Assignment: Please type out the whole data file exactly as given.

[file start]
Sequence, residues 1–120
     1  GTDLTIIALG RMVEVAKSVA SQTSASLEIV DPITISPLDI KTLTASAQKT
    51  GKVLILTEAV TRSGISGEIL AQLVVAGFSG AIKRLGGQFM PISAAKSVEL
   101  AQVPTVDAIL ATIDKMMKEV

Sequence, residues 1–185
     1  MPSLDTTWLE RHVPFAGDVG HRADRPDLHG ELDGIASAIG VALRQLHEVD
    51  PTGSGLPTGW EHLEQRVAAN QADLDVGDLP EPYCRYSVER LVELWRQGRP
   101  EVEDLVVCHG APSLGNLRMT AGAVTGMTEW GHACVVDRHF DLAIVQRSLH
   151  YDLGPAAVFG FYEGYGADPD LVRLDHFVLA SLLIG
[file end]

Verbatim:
Sequence, residues 1–120
     1  GTDLTIIALG RMVEVAKSVA SQTSASLEIV DPITISPLDI KTLTASAQKT
    51  GKVLILTEAV TRSGISGEIL AQLVVAGFSG AIKRLGGQFM PISAAKSVEL
   101  AQVPTVDAIL ATIDKMMKEV

Sequence, residues 1–185
     1  MPSLDTTWLE RHVPFAGDVG HRADRPDLHG ELDGIASAIG VALRQLHEVD
    51  PTGSGLPTGW EHLEQRVAAN QADLDVGDLP EPYCRYSVER LVELWRQGRP
   101  EVEDLVVCHG APSLGNLRMT AGAVTGMTEW GHACVVDRHF DLAIVQRSLH
   151  YDLGPAAVFG FYEGYGADPD LVRLDHFVLA SLLIG